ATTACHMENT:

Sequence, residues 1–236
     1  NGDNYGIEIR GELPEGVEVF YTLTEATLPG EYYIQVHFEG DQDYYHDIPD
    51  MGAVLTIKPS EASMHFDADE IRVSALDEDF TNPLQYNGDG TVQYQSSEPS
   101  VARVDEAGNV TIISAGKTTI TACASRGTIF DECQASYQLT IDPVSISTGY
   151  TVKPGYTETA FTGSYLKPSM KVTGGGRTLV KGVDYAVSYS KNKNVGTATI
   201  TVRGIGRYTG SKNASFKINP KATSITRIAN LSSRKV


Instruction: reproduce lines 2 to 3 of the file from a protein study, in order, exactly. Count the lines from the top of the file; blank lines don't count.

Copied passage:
     1  NGDNYGIEIR GELPEGVEVF YTLTEATLPG EYYIQVHFEG DQDYYHDIPD
    51  MGAVLTIKPS EASMHFDADE IRVSALDEDF TNPLQYNGDG TVQYQSSEPS